It used to be that digital talent agents were ancillary to the business of big agencies, Mr. Dayeh said. But “in the last two years, digital has become the primary touchpoint for talent with the public.”
To that point, when Brent Weinstein of UTA launched the agency’s digital arm in 2006, initially called UTA Online, he was scouring YouTube and other web platforms for obscure talent. Today, he is the UTA’s chief innovation officer.
Other big talent houses had digital media divisions in the early aughts, too. But at the time, most agencies were focused on bringing celebrities from traditional Hollywood onto then-new platforms like Twitter, rather than building businesses around the ever-growing number of internet-native stars.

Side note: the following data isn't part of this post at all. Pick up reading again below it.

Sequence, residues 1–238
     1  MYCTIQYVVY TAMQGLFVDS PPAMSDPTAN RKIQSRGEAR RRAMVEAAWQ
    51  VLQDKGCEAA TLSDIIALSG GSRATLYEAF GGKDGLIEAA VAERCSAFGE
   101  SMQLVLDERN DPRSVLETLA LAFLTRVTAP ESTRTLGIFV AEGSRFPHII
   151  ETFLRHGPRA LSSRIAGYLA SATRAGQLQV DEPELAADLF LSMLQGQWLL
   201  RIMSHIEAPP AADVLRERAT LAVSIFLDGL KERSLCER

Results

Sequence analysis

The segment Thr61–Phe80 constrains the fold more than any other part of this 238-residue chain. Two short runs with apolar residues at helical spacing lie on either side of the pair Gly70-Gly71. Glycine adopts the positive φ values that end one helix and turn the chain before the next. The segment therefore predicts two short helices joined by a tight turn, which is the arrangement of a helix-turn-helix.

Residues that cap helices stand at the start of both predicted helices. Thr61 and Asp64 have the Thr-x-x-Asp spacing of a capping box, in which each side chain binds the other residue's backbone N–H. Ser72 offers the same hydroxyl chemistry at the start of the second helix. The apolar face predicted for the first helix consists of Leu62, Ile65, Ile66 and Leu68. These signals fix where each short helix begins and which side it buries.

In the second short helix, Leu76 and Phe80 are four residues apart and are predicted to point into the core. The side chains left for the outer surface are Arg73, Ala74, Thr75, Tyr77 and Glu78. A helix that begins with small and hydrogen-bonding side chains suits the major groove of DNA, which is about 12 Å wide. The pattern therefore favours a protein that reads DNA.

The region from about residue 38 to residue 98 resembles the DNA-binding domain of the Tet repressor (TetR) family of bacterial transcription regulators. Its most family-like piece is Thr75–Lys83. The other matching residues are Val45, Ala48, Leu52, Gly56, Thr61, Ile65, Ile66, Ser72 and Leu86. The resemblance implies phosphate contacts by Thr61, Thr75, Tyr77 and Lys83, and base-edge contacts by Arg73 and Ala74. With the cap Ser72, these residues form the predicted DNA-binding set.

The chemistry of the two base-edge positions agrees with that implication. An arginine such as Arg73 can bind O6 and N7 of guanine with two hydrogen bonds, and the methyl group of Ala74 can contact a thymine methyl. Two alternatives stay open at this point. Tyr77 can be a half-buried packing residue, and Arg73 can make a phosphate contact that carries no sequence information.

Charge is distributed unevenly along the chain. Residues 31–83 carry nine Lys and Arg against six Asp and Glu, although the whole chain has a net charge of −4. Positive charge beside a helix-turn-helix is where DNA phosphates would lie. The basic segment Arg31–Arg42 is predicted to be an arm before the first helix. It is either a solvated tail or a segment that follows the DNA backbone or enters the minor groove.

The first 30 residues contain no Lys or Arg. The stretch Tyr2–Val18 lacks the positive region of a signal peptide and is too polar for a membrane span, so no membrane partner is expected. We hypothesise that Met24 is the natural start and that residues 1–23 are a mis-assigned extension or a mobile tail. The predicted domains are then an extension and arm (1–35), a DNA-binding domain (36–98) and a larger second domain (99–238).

“There wasn’t a lot of money going around, it was really early days,” said Alec Shankman, a comanaging partner at A3 Artists Agency, formerly known as Abrams. Now, the dozens of TikTokers the agency has signed, Mr. Shankman said, have “become a really important part of our business.”
That’s partially because influencers are often successful at generating the thing agencies care most about: cash. “Frankly, we’re in a very for-profit business,” said Andrew Graham, an agent in Creative Artists Agency’s digital department. “So when brands started calling and saying, ‘Hey, do you have an influencer for this campaign?’ the agency’s ears perked up.”
Article source: https://www.nytimes.com/2020/04/06/style/hollywood-agents-influencers.html